Photo: Florian Gaertner/Photothek via Getty Images

A bipartisan handful of House members unveiled a carbon tax plan last night that stands no chance of becoming law, at least not for years.

Why it still matters: It's a marker for efforts to move national carbon pricing beyond the think tank and advocacy world, where it has largely been exiled since a big cap-and-trade plan collapsed in the Senate in 2010. And it could help shape what emerges if climate legislation gains traction under a different president, and if there's a shift in congressional power with either firm Democratic control or erosion of what's now almost unified GOP's resistance.

Reality check: Needless to say, those are big caveats. Carbon taxes face opposition from advocacy groups that are influential in GOP circles.

Driving the news: Florida Democrat Ted Deutch unveiled the bill with two other Democrats and two Republicans. The bill would impose an initial $15-per-ton carbon "fee" on fossil fuel producers, processors and importers.

  • It rises $10 annually.
  • All the revenues are returned to the public.
  • The plan would remove some but not all greenhouse gas regulations.
  • Deutch's co-sponsors are Democrats John Delaney and Charlie Crist, and Republicans Francis Rooney and Brian Fitzpatrick.
  • They plan to quickly re-introduce it in the next Congress.

By the numbers: The plan aims to cut U.S. carbon emissions by 33% from 2015 levels within 10 years and by 90% by 2050. The sponsors say it would create 2.1 million net jobs within 10 years and prevent 13,000 pollution-related deaths annually.

Another reason the bill matters: It's a useful starting point for comparing various legislative proposals floating around.

  • That's what Noah Kaufman of Columbia University's Center on Global Energy Policy does in this new analysis, which basically finds it more effective.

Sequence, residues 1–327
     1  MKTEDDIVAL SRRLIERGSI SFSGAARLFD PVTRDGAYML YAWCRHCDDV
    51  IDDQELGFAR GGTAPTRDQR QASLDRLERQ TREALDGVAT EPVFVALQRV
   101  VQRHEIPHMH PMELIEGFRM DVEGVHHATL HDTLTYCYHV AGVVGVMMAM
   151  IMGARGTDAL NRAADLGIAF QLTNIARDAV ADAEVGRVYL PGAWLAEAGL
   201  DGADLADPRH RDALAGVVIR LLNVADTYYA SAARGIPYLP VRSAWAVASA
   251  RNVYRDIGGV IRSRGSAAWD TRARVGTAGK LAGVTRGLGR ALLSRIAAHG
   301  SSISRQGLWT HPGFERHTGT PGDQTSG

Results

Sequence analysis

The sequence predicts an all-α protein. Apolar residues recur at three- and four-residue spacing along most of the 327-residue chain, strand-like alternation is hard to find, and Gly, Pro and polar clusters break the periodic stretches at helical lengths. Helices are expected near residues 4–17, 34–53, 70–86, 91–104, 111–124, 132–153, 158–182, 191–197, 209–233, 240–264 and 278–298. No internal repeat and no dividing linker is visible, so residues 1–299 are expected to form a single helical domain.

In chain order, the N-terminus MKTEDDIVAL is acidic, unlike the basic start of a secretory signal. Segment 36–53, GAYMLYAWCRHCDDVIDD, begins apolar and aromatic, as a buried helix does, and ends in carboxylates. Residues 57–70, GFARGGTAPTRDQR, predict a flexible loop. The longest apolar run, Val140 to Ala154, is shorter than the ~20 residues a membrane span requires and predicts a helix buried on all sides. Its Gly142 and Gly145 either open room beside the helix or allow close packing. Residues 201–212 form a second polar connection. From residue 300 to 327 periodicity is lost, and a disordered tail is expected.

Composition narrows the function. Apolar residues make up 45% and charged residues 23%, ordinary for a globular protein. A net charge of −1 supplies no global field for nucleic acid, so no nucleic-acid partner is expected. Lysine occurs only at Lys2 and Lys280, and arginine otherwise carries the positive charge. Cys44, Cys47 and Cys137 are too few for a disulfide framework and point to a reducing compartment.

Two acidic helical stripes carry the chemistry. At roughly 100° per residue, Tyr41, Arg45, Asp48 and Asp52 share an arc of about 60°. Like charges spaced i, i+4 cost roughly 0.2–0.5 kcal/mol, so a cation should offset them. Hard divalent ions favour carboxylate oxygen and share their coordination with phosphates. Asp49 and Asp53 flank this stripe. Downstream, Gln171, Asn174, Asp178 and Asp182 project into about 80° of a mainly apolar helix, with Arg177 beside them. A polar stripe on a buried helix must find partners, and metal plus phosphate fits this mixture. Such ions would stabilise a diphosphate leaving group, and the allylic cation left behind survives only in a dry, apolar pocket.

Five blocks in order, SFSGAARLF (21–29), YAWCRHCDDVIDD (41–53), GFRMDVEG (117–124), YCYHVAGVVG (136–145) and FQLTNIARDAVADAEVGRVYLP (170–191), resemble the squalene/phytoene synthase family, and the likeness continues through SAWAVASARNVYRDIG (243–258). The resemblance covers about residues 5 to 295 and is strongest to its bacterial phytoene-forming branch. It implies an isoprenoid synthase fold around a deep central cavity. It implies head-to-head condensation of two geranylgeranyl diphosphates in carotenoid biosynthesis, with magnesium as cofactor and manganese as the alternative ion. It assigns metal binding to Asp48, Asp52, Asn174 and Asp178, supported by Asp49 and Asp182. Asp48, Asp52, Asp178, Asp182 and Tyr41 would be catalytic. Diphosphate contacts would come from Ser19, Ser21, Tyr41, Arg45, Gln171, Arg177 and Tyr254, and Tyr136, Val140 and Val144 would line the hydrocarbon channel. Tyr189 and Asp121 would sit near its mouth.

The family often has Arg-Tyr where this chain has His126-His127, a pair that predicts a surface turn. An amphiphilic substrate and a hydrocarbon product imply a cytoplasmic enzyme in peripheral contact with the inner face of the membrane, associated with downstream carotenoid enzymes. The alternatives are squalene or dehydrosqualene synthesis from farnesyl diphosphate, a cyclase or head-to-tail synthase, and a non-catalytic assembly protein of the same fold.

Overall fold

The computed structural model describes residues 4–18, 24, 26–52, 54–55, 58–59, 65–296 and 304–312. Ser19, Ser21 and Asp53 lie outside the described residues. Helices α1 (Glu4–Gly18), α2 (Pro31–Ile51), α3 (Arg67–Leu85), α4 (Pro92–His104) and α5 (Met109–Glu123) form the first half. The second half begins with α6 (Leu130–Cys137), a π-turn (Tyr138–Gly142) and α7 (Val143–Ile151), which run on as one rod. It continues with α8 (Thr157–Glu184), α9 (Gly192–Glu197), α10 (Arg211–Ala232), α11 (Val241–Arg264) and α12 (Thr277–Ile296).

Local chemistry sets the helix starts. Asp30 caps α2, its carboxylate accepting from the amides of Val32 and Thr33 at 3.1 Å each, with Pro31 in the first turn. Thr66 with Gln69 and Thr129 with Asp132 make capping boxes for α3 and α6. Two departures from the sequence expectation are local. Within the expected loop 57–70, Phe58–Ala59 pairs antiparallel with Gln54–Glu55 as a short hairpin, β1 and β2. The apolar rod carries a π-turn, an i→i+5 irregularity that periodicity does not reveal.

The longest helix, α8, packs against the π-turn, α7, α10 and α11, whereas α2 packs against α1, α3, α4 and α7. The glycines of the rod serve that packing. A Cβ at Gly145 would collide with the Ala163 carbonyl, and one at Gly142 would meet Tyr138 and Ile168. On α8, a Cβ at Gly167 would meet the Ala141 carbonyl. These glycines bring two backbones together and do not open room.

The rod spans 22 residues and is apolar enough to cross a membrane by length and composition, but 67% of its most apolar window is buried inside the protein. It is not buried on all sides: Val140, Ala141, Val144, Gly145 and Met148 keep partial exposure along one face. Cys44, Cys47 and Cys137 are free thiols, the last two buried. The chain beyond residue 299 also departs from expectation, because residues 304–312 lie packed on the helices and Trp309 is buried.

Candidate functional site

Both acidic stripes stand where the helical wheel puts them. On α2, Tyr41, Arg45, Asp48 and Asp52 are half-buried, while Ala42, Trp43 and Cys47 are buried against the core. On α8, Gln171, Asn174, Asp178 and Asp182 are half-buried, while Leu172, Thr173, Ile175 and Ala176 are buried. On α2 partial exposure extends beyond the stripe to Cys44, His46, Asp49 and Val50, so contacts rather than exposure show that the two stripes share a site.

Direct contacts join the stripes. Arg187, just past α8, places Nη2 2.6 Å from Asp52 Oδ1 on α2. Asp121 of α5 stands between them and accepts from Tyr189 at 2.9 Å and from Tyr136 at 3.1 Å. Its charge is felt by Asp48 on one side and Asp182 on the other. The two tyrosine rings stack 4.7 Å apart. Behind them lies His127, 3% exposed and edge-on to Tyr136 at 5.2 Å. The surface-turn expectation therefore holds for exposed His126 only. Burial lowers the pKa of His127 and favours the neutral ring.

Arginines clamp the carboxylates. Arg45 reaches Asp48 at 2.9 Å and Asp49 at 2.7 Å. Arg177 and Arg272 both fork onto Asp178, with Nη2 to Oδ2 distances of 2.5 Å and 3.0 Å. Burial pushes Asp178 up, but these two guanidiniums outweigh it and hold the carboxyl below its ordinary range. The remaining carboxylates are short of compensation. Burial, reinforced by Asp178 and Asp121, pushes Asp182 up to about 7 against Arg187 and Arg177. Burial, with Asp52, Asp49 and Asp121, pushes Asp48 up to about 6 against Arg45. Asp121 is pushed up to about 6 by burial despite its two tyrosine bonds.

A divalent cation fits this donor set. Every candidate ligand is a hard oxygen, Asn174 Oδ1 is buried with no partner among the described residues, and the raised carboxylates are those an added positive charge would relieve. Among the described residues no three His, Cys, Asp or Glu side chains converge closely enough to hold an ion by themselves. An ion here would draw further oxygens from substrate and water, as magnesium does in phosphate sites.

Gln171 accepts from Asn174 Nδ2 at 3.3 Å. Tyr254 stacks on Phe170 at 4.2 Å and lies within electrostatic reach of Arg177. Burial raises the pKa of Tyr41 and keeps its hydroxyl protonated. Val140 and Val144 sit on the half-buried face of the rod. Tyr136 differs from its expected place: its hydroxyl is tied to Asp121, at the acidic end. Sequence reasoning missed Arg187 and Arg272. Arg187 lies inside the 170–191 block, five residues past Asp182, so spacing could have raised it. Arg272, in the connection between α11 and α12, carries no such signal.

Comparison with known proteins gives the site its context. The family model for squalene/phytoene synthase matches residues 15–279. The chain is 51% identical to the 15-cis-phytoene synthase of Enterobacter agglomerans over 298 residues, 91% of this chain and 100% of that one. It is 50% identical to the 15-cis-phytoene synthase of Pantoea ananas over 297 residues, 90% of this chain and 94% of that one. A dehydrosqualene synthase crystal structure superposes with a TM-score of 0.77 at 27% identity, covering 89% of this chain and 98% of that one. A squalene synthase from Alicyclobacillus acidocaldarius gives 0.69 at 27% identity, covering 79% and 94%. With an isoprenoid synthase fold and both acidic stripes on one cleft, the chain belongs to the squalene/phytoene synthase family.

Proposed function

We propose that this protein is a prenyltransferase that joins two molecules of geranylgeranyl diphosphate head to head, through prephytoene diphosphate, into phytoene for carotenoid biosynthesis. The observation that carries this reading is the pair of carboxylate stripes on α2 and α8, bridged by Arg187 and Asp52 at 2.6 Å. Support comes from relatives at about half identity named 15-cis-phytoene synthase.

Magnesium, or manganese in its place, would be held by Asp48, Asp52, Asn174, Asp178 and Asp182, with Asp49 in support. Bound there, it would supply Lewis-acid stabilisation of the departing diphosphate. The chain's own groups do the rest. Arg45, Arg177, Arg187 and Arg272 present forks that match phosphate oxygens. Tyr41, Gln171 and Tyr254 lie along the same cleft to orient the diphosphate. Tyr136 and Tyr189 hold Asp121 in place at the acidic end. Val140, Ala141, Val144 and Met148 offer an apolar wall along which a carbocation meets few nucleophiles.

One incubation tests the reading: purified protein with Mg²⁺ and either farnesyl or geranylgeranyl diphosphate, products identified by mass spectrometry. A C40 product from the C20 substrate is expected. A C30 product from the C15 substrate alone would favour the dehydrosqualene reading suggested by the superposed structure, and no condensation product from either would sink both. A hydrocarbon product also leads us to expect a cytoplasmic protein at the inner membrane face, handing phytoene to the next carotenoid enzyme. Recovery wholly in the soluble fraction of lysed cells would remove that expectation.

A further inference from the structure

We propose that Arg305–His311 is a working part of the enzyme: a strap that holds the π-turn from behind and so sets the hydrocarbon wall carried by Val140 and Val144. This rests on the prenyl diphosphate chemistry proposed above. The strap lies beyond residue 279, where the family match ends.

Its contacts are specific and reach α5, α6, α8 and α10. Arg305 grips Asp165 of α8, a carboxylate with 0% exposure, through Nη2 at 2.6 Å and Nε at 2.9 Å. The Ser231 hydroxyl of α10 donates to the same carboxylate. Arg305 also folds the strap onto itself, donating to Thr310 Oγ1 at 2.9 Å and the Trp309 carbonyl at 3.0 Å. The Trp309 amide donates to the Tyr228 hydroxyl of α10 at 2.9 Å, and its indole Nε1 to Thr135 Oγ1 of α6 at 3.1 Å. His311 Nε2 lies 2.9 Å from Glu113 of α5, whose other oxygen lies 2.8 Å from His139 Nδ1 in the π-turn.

Where it stands: It has support from some conservative groups pushing carbon taxes as a market-friendly climate policy and some environmental groups.

  • According to the sponsor's press release, backers include: Citizens Climate Lobby, Climate Leadership Council, The Nature Conservancy, Alliance for Market Solutions, Environmental Defense Fund, RepublicEn, Niskanen Center, National Wildlife Federation, and the National Audobon Society.
  • It also drew supportive statements from the Center for Climate and Energy Solutions and the World Resources Institute.

Go deeper: The cost of climate change

Go deeper

Updated 1 hour ago - Politics & Policy

Coronavirus dashboard

Illustration: Sarah Grillo/Axios

  1. Global: Total confirmed cases as of 12 p.m. ET: 12,772,755 — Total deaths: 566,036 — Total recoveries — 7,030,749Map.
  2. U.S.: Total confirmed cases as of 12 p.m. ET: 3,269,531 — Total deaths: 134,898 — Total recoveries: 995,576 — Total tested: 39,553,395Map.
  3. Politics: Trump wears face mask in public for first time.
  4. States: Florida smashes single-day record for new coronavirus cases with over 15,000.
  5. Public health: Trump's coronavirus testing czar says lockdowns in hotspots "should be on the table" — We're losing the war on the coronavirus.
  6. Education: Betsy DeVos says schools that don't reopen shouldn't get federal funds — Pelosi accuses Trump of "messing with the health of our children."
2 hours ago - Health

Florida smashes single-day record for new coronavirus cases

Data: Covid Tracking Project; Chart: Axios Visuals

Florida reported 15,299 confirmed coronavirus cases on Sunday — a new single-day record for any state, according to its health department.

The big picture: The figure shatters both Florida's previous record of 11,458 new cases and the single-state record of 11,694 set by California last week, according to AP. It also surpasses New York's daily peak of 11,571 new cases in April, and comes just a day after Disney World reopened in Orlando.

Pelosi: Trump is "messing with the health of our children" with push to open schools

House Speaker Nancy Pelosi said on CNN's "State of the Union" Sunday that Education Secretary Betsy DeVos' aggressive push to fully reopen schools this fall is "malfeasance and dereliction of duty," accusing the Trump administration of "messing with the health of our children."

Why it matters: Trump has demanded that schools reopen as part of his efforts to juice the economy by allowing parents to return to work, despite caution from health officials that little is known about how the virus impacts children.